Football has always been a game of blocking and tackling…until 1982.
Then it became a game of blocking and sacking. That’s when the NFL officially recognized sacks as a statistic. In so doing, the position “outside linebacker” evolved into “edge rusher.” More and more teams moved to the 3-4 defensive scheme to free up that speed off the edge. By 1985, 23 of the 28 NFL teams were lining up in a 3-4.
Lawrence Taylor was busy reinventing the weakside linebacker position in New York in the 1980s. Hall of Famers Robert Brazile, Charles Haley and Derrick Thomas plus Pat Swilling and Tim Harris also were making names for themselves off the weak side because of the havoc they could create with their pass rush. Hall of Famers Kevin Greene, Rickey Jackson and Andre Tippett were wreaking that same havoc from the strong side.
As those edge rushers grew in stature, collecting the Pro Bowl invitations and post-season honors, the standing of the pure outside linebackers on the football field diminished. That explains how John Anderson and Carl Banks were forgotten by the Hall of Fame selection committee.
Anderson and Banks played a traditional left outside linebacker in the 1980s over on the strong side. NFL teams historically have focused their rushing attacks to that side because of the extra blocker (tight end). So Anderson and Banks were asked to makes plays on their side of the line of scrimmage, not just the offensive backfield. They were charged with stopping the run and covering tight ends and running backs in the passing game. So the strength of their games was the ability to tackle, not sack.
Anderson and Banks were selected to the 1980s NFL all-decade team but neither one has ever been a finalist for the Hall of Fame. It’s not the first time their play has been discounted. The two left side linebackers went to a combined one Pro Bowl in the decade. That was Banks in 1986. Anderson was shut out. The only Green Bay linebacker to go to a Pro Bowl in the 1980s was Harris after a 19 1/2-sack season in 1989.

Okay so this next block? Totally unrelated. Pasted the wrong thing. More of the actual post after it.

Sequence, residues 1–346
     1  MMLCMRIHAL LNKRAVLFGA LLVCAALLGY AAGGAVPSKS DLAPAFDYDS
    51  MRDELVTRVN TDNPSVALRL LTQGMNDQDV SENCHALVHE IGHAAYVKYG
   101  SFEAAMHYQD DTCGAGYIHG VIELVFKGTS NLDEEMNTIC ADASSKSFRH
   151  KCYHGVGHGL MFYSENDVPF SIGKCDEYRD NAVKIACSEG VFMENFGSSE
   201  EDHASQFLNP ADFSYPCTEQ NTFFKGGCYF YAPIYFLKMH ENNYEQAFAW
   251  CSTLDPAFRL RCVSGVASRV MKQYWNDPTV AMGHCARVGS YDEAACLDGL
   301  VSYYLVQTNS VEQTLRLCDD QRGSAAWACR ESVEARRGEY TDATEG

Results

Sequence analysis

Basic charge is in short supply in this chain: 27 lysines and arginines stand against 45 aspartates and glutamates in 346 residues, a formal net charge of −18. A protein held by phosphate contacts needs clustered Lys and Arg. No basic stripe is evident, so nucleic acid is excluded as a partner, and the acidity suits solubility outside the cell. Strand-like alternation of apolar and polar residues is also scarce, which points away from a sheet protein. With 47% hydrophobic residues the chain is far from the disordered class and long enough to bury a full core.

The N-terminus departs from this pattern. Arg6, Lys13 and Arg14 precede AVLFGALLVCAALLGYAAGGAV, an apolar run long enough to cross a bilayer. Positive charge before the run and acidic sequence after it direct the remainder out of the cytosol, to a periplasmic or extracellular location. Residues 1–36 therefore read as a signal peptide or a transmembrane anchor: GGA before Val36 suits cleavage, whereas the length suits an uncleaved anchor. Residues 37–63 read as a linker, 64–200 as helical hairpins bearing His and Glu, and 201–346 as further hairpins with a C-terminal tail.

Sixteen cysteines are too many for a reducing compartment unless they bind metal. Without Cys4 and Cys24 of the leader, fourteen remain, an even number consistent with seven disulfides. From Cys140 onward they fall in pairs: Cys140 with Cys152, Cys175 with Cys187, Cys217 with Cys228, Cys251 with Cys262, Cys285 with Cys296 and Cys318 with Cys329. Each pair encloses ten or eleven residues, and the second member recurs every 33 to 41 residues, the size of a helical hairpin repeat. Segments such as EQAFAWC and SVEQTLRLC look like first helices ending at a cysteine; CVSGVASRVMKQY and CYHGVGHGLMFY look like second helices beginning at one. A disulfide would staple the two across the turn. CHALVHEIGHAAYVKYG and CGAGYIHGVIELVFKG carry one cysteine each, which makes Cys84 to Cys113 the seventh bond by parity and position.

So Anderson’s tackling ability went unnoticed. He collected a career-high 150 tackles in 1981 but there was no Pro Bowl as a reward. He finished his 12-year career as the leading tackler in Green Bay history with 1,020. Again, no one has noticed. There is no love for tacklers in the NFL any more, just sackers.
There also is little love for coverage backers. Anderson intercepted 25 passes in his career. Only seven outside linebackers in NFL history intercepted more and four of them (Jack Ham, Ted Hendricks, Bobby Bell and Dave Robinson) have busts in Canton. His 25 interceptions also were as many as Hall of Famer Derrick Brooks, a first-ballot electee in 2014. Anderson led the Packers in interceptions twice, picking off three passes in the strike-shortened 1982 season and five more in 1983.
It should be pointed out that Hall of Fame outside linebackers Lawrence Taylor, Robert Brazile, Charles Haley, Derrick Thomas, Rickey Jackson, Kevin Greene and Andre Tippett from the 1980s combined for only 39 career interceptions – and Brazile had 13 of them. Again, it’s the sacks that matter in the Hall of Fame discussion, not the interceptions.
Anderson also recovered 15 fumbles, giving him 40 career takeaways. Only five outside linebackers in NFL history came up with the football more often and two of them, Ham and Ted Hendricks, are in the Hall of Fame. But it’s the sacks that matter in the Hall of Fame discussion, not takeaways. Anderson only collected 19 ½ sacks in his rare pass rush opportunities.
The other issue in Anderson’s candidacy is the lack of success by the Packers during the 1980s. Green Bay won only 43 percent of its games during his career and Anderson played in only two playoff games, both in 1982. Of the 280 players enshrined in Canton, 67 percent of them won championships. Of the 103 players enshrined in Canton who did not win a championship, only 37 played defense. That's an unfortunate double that has bogged down Anderson's candidacy.
Anderson and his career are deserving of discussion by the Hall of Fame selection committee. And maybe he’ll get it if tackling ever becomes vogue again in the NFL.